Well, now we know which firms were swimming naked after all. In fiscal 2012, The Am Law 100—which welcomes new members Bracewell & Guiliani; Faegre Baker Daniels; Fragomen, Del Rey, Bernsen and Loewy; McKenna Long & Aldridge; and Ogletree, Deakins, Nash, Smoak & Stewart—posted modest gains on all our key metrics. For gross revenue, revenue per lawyer, and profits per partners, the top 100 firms notched low single-digit year-over-year in­creases. But those averages belied the recovery’s unevenness. Only 76 firms reported gross revenue increases last year. And only 66 had profit per partner increases—down from 80 firms and 72 firms, respectively, on last year’s Am Law 100 list. The lucky ones tended to have an international footprint, a strong transactions group, and a diverse set of practice areas, though boutique labor and employment and immigration firms also fared well. For those fortunate firms—and for the rest of The Am Law 100—the challenge will continue to be balancing growth against keeping expenses in check. After a lengthy recession and a fitful recovery, that’s a nice problem to have.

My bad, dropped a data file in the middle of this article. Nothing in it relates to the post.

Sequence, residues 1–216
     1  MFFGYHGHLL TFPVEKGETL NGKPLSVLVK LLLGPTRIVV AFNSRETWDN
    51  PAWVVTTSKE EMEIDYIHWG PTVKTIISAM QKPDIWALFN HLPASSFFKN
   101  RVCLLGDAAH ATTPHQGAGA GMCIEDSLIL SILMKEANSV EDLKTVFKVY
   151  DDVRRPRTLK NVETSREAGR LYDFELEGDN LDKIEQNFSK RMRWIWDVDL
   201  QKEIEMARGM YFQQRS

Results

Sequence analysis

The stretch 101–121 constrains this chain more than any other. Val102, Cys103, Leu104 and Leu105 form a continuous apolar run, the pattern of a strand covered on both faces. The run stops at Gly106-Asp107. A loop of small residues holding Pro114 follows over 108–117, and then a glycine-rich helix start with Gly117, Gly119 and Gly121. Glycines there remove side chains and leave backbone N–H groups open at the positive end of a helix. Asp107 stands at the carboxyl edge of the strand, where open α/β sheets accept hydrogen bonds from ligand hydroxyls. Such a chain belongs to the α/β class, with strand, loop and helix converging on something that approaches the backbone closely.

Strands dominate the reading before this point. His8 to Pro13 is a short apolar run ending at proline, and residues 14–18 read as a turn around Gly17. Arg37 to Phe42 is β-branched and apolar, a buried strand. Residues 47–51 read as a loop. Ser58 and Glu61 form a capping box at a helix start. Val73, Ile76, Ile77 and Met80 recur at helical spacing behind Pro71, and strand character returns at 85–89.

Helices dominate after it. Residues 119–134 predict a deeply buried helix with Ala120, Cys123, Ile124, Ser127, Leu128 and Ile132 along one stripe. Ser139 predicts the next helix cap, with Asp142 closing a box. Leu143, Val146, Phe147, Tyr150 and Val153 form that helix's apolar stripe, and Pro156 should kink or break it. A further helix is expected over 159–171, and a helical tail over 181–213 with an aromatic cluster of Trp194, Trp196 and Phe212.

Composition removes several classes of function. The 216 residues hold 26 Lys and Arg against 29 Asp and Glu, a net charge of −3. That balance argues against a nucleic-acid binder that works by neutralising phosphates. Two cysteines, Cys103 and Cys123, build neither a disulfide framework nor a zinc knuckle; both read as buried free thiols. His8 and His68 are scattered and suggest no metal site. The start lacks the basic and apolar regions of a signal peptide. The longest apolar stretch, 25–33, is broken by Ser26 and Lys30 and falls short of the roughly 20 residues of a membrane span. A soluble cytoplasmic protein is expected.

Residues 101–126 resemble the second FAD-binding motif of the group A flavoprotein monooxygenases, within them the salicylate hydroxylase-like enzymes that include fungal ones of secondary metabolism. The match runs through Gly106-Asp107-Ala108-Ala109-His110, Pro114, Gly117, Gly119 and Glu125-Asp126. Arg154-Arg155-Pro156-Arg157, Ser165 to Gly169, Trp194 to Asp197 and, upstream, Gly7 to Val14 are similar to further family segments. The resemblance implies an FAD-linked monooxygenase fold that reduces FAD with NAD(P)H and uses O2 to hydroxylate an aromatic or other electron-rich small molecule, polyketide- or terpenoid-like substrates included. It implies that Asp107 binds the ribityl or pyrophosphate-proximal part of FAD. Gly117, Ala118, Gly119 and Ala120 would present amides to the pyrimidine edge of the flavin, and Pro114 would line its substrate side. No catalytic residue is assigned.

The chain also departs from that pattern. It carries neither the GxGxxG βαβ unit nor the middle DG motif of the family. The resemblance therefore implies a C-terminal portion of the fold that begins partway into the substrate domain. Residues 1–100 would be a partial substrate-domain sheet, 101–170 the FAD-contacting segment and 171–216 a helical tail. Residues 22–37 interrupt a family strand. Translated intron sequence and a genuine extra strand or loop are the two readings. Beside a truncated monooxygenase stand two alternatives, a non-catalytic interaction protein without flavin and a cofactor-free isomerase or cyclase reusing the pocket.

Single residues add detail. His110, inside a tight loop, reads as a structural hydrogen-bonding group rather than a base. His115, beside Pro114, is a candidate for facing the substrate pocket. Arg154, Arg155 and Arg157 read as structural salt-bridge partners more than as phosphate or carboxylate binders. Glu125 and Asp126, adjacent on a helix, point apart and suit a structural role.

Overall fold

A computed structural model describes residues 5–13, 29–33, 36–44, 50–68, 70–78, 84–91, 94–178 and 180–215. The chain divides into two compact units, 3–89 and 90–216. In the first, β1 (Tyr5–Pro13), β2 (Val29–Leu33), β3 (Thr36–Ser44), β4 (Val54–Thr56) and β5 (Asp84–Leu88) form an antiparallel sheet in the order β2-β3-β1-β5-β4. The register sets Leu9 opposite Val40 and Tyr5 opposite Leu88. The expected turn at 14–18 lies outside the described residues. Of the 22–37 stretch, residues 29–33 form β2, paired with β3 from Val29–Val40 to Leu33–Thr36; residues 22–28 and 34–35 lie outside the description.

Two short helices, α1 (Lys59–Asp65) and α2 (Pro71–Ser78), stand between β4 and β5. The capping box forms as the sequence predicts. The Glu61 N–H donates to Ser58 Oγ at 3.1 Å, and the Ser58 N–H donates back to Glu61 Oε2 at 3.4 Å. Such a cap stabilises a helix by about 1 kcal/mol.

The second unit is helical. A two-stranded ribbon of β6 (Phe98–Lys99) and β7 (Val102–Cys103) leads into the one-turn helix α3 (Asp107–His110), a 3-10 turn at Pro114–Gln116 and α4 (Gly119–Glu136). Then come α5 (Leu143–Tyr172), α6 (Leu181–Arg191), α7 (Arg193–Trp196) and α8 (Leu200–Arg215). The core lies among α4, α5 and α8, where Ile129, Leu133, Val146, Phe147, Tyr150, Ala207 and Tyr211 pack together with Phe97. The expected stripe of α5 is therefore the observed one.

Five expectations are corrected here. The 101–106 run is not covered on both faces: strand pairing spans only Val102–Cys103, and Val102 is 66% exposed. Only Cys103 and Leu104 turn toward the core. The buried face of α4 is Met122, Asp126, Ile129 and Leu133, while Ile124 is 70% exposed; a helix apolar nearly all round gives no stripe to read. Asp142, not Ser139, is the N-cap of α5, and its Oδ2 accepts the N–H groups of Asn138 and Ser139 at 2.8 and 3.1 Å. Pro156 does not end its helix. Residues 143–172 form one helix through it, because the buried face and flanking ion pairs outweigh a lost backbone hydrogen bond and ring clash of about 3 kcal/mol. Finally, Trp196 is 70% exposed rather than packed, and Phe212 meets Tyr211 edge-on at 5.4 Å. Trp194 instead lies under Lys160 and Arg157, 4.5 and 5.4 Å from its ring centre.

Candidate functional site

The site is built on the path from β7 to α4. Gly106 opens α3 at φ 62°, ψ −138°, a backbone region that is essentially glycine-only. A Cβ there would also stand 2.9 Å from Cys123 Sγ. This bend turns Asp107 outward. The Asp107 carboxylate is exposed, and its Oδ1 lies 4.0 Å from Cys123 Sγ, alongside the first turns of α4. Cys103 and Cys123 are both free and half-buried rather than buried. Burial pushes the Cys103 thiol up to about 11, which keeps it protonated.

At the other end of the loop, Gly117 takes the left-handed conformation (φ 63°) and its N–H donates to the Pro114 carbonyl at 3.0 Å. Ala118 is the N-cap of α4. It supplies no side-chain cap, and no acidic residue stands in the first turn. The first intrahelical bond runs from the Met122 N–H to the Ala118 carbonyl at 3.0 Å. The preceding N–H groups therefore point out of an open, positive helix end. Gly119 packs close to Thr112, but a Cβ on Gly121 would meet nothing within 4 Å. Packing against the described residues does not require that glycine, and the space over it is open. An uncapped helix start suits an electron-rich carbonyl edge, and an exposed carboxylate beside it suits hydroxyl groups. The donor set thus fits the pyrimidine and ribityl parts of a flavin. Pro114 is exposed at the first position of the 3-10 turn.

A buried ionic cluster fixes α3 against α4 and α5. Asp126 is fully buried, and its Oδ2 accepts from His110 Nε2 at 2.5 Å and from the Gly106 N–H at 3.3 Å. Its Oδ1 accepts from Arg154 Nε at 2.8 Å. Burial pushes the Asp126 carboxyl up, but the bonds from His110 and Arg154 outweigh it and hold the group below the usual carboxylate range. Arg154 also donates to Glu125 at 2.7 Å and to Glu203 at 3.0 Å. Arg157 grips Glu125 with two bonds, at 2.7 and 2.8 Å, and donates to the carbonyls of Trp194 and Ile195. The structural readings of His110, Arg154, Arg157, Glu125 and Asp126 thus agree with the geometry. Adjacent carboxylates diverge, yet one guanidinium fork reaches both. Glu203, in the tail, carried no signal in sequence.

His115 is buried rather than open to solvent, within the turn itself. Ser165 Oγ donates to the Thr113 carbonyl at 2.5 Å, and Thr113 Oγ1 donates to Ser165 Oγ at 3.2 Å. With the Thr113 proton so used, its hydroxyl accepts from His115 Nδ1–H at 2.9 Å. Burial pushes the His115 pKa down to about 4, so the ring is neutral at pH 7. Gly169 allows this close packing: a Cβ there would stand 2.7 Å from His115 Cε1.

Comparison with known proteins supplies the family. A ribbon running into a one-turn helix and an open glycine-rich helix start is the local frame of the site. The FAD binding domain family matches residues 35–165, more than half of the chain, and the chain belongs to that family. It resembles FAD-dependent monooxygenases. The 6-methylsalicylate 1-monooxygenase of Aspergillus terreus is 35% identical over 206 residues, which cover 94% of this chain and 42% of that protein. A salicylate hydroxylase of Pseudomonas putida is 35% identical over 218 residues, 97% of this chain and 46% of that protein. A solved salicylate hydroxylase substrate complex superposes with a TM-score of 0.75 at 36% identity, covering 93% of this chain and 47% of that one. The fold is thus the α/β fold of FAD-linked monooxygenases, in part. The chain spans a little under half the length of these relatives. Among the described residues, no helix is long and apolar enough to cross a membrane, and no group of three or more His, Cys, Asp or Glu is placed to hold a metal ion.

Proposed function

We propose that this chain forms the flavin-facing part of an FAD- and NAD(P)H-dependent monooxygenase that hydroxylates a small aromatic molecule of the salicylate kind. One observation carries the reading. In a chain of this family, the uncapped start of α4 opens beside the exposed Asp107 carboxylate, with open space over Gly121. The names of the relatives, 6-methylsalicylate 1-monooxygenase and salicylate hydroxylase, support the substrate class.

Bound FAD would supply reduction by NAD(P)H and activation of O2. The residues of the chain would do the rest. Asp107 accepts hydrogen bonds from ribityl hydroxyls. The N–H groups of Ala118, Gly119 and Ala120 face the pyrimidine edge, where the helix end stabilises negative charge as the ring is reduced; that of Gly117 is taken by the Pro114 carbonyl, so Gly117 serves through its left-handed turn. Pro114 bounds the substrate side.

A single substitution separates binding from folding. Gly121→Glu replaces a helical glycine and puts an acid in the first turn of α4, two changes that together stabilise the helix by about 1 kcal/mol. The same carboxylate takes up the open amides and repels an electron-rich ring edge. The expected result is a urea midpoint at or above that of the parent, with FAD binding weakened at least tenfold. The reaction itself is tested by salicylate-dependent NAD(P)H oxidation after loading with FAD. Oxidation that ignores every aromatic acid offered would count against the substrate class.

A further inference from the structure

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For the first time ever neither Skadden, Arps, Slate, Meagher & Flom nor Baker & McKenzie heads The Am Law 100’s gross revenue rankings, as DLA Piper—already the world’s largest firm by head count—claims the top spot.
Gross Revenue By Location
Revenue per lawyer notched up slightly in 2012, as Am Law 100 firms posted an average increase of 2.6 percent.
Revenue Per Lawyer By Location
Average profits per partner for The Am Law 100 went up 4.2 percent in 2012, but the growth was uneven.
Profits Per Partner By Location
Average compensation–all partners rose 3 percent in 2012, compared to 1.9 percent in 2011.
Compensation – All Partners By Location
Wachtell, Lipton, Rosen & Katz continues to lead our value per lawyer rankings, as it has since the metric’s inception nine years ago.
Value Per Lawyer By Location